At P.J. Fitzpatrick, siding installation is one of our specialties, and there’s a lot to know about it. While we favor vinyl siding, some homeowners opt for other materials based on their needs and their budget. Here are eight things you probably didn’t know about the world of siding:
Vinyl siding is the most popular type of siding in the U.S. (and also one of the most affordable), however, it wasn’t introduced to the exterior market until the late 1950’s when it became an alternative to aluminum siding.
In ancient times, many homeowners turned to materials like straw, water reeds, or wheat reeds to act as a protective siding material for their homes. Later on, stucco became a popular choice (particularly in Greece and Italy).
Most vinyl siding is designed to withstand winds up to 110 miles per hour, which is why it’s used in many homes around the country. Homes that are in tornado-prone or hurricane-prone areas, however, often turn to fiber cement siding, which can withstand higher winds.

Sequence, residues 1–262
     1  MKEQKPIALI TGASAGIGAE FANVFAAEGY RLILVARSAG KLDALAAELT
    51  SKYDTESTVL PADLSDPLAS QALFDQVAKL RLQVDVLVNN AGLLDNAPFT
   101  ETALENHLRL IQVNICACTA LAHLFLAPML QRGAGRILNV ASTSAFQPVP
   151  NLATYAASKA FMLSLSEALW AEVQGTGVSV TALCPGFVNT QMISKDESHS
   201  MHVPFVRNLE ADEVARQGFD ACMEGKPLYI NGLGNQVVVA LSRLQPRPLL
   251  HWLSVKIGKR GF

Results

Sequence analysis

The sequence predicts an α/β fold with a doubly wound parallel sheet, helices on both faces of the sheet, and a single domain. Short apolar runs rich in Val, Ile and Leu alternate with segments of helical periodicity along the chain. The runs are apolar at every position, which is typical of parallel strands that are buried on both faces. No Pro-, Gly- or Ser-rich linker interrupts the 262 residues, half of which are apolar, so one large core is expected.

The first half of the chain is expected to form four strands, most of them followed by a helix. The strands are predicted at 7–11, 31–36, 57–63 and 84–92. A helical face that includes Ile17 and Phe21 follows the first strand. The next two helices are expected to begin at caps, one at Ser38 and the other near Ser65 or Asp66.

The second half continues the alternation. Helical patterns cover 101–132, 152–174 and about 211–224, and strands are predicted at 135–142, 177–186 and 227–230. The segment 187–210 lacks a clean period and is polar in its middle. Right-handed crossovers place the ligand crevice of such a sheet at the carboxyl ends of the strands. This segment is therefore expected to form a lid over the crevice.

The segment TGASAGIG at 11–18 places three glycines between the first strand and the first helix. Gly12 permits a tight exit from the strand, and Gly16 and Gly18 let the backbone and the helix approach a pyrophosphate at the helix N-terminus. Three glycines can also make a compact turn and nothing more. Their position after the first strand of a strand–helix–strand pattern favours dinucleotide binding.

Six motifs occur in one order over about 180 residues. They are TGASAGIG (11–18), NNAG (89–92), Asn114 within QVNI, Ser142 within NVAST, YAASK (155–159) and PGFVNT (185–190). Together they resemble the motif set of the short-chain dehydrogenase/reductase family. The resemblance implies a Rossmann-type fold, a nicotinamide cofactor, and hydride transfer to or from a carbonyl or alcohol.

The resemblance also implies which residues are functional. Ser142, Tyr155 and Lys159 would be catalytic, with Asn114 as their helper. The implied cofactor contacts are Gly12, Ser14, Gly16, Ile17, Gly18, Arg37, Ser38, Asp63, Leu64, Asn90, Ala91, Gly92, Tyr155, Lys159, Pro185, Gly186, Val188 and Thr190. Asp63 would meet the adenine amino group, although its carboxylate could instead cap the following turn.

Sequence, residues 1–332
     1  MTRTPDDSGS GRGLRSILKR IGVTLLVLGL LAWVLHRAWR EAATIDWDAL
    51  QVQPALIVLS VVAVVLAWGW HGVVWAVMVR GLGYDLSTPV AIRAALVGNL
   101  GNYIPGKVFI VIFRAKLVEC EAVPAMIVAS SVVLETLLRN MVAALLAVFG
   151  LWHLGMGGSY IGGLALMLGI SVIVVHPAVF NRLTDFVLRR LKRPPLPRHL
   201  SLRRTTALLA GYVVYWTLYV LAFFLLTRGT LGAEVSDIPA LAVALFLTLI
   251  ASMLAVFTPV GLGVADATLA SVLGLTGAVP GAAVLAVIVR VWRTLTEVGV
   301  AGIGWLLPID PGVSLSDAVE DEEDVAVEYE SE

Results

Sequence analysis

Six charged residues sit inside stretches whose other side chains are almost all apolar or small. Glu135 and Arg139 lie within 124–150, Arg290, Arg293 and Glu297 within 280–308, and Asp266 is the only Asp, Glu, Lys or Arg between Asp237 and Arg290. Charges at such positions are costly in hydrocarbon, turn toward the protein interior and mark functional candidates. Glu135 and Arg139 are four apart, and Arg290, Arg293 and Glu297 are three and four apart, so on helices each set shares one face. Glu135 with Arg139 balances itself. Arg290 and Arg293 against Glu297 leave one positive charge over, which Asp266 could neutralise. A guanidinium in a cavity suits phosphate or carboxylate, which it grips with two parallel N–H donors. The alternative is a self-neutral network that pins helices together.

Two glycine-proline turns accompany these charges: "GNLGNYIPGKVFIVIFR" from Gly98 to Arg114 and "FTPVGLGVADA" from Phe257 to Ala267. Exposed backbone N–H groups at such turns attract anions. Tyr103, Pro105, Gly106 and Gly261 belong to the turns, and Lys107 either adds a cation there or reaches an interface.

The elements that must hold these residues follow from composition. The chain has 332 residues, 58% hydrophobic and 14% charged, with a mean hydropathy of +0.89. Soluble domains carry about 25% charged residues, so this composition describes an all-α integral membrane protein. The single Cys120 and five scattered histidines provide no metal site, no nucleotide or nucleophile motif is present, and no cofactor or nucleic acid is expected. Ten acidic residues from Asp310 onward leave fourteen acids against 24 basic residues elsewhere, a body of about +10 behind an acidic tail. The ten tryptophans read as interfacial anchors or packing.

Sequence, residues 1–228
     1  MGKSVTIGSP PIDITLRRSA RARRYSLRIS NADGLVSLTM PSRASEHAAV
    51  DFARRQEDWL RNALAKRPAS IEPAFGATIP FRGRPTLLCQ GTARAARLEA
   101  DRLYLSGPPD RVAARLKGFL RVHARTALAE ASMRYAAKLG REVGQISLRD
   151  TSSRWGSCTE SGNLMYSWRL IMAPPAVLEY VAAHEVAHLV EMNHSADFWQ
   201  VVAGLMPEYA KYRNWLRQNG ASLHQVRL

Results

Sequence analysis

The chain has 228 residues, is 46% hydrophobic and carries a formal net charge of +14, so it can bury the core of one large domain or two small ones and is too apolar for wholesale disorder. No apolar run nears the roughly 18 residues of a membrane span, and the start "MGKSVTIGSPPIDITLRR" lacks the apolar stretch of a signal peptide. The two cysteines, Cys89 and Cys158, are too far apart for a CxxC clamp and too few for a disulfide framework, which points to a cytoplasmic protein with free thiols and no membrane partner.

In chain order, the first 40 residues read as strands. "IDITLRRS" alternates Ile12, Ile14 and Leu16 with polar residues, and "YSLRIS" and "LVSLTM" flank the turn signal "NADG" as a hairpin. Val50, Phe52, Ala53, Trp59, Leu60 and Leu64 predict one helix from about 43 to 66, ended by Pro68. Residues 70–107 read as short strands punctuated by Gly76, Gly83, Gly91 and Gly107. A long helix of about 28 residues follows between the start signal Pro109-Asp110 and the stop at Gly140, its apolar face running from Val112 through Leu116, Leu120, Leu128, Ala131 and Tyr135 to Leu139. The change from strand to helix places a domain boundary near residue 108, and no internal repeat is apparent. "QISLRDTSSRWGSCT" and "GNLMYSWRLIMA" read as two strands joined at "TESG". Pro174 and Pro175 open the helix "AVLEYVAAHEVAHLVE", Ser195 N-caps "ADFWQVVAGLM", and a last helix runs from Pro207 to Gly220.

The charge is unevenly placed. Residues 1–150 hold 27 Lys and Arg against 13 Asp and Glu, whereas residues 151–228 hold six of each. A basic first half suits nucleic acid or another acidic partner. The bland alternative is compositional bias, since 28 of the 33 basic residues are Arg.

Today, many siding manufacturers create siding that is made from recycled materials and is recyclable. This goes for a variety of siding types including vinyl, aluminum, steel, and more.
Wood siding is considered the type of siding that requires the most maintenance. Not only does it need to be repainted or re-stained every few years in order to look its best, but it also needs to be carefully monitored for termites and dry rot.
Your home’s siding can actually affect how energy efficient your home is. Just like your attic and your basement or crawl space, your siding should have the proper amount of insulation. This can help create a “blanket” for your home that keeps out the cold and protects against heat transfer.
Siding comes in a variety of thicknesses, from .035 to .055 inches thick. On average, the thicker the siding, the better it will protect your home.
Today, there are a wide variety of siding materials to choose from. Some of the most popular include: